I won’t risk any spoilers about this final book in the triology; I’ll just say that I was very impressed with how Grossman wrapped things up – brought them full circle without resorting to 100% neatly tied bows. I’ll also say that despite the heartache readers have to endure throughout the story, the series ends on a hopeful (if unexpected) note. I found that refreshing.

Coincidentally, just as I was devouring the final chapters, SyFy premiered its series based on Grossman’s books. I’ve watched the first two episodes (how could I not?), and I’m still undecided about whether I love it or not. My loyalty to the books is influencing my judgments of the adaptation, which takes a fair number of liberties with Grossman’s world and story. (They even changed the name of one of the primary characters for no apparent reason.) It may be too soon for me to fully enjoy the show. We’ll see.

··• )o( •··

book old countryBecause I’m still hungover from my time at Grossman’s Brakebills Prepatory College of Magic and the world of Fillory, I’m not yet ready to dive into a new novel. Instead, I picked up a novella from my own collection, something I read a while back, but couldn’t quite remember. The Old Country by Mordicai Gerstein is a classic-style fairytale full of talking animals, faerie folk, peasants, and royalty.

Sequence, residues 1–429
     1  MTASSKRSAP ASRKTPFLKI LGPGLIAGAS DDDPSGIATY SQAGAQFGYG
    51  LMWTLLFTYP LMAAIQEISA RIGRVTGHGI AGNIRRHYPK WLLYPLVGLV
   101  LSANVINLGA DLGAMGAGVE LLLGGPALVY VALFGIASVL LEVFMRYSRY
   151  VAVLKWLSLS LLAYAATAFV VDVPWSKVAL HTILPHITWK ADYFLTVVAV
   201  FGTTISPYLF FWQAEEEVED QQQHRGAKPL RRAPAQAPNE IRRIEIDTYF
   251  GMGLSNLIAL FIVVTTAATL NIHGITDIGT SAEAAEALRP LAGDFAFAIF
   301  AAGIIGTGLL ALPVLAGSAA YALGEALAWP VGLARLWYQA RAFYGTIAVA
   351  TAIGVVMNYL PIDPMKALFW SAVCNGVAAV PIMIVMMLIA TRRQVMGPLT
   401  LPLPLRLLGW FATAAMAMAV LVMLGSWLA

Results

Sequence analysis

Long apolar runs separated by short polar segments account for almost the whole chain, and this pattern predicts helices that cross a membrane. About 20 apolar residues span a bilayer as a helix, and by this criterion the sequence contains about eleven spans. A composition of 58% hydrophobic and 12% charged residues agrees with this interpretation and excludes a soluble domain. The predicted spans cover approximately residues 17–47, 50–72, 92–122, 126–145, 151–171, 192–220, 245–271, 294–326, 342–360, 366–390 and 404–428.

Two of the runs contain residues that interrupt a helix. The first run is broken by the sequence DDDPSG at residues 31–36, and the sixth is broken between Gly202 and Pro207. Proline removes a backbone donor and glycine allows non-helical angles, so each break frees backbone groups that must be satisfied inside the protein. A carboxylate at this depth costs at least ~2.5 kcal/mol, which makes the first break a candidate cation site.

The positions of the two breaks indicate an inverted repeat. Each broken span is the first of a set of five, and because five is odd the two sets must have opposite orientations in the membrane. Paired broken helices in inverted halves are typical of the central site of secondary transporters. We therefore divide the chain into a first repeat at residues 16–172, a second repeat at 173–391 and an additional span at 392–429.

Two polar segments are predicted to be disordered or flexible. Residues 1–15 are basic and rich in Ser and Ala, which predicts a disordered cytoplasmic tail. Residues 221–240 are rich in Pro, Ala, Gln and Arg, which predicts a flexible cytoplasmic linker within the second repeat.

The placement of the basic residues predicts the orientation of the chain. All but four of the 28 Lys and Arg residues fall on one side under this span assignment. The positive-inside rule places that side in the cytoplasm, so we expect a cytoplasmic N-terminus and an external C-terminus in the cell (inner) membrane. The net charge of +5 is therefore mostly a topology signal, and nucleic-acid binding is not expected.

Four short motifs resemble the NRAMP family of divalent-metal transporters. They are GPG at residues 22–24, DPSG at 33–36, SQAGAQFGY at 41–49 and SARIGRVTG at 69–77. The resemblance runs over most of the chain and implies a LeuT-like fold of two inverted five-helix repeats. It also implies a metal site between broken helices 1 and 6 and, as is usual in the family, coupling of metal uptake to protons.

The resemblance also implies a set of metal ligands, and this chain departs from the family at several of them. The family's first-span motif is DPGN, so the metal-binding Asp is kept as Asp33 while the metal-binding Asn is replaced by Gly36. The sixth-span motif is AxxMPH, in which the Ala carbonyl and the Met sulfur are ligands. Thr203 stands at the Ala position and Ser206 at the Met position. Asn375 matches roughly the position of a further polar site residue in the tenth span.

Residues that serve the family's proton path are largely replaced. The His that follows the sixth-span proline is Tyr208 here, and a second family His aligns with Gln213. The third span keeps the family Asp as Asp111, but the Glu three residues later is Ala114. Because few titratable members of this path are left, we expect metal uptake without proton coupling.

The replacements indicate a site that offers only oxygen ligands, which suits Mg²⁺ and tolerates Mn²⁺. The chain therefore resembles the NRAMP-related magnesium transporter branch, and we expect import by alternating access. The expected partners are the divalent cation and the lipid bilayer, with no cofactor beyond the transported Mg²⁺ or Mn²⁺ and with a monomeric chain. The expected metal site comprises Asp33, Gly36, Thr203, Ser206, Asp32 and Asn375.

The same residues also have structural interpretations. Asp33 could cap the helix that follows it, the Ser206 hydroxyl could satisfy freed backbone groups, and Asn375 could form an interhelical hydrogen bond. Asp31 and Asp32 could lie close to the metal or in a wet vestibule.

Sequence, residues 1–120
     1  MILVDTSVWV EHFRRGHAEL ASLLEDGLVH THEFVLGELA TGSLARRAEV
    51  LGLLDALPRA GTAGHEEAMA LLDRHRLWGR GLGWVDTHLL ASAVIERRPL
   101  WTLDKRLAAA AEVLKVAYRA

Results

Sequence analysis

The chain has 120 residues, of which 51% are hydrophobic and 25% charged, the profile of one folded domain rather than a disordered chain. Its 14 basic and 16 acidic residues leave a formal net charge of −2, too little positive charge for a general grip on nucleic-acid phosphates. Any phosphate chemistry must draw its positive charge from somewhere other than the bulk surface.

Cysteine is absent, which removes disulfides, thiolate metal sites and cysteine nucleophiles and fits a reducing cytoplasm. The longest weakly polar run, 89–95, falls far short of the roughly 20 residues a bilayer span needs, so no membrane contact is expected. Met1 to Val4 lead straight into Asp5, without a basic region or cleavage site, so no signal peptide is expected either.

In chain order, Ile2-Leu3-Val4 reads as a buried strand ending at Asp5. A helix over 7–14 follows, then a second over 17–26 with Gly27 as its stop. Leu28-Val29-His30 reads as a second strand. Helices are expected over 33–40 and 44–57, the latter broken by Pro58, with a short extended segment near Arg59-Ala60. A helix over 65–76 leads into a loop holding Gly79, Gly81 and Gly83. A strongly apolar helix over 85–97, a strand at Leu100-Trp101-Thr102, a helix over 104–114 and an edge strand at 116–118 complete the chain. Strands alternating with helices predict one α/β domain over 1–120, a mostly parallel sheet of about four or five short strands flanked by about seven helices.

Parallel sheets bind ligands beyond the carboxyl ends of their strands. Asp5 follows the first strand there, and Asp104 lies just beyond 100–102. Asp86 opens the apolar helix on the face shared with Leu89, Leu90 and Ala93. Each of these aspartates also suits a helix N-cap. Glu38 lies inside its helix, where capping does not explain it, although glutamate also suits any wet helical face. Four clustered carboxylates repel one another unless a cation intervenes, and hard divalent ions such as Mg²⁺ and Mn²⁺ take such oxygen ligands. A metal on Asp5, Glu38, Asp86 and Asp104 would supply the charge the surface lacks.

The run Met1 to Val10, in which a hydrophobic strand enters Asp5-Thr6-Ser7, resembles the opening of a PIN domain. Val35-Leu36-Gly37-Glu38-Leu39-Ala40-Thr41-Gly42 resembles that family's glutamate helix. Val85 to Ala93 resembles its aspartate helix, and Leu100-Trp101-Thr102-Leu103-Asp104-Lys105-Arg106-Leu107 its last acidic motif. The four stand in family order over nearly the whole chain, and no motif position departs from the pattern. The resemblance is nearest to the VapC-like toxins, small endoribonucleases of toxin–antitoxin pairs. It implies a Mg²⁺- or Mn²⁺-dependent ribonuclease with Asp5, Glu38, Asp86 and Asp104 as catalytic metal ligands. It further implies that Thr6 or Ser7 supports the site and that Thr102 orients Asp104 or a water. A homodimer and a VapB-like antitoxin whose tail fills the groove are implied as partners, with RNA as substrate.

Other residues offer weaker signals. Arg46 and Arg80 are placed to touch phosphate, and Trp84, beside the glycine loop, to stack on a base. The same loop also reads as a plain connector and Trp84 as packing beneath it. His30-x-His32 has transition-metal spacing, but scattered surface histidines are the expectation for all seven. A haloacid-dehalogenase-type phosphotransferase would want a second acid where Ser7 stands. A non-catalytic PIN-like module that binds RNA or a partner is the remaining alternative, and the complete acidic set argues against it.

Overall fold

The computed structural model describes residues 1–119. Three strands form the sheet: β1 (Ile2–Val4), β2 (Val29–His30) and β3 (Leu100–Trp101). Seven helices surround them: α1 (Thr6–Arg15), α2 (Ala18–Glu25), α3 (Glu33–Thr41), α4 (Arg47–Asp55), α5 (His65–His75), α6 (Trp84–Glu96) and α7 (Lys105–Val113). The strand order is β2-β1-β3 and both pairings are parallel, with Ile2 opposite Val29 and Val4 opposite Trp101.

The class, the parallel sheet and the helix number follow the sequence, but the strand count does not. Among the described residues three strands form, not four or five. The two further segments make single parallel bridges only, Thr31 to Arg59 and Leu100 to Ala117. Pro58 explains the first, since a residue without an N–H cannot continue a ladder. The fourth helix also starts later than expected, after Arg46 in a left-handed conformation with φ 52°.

I enjoyed being able to recognize many fairytale tropes – the old granny telling a tale to her inquisitive granddaughter, the journey into the forest, the protagonist doing the one thing she was warned against, transformation, the creation of a team of unlikely allies … it was all there; but there were also enough twists (including a surprise ending) that I never felt like I knew what was going to happen next.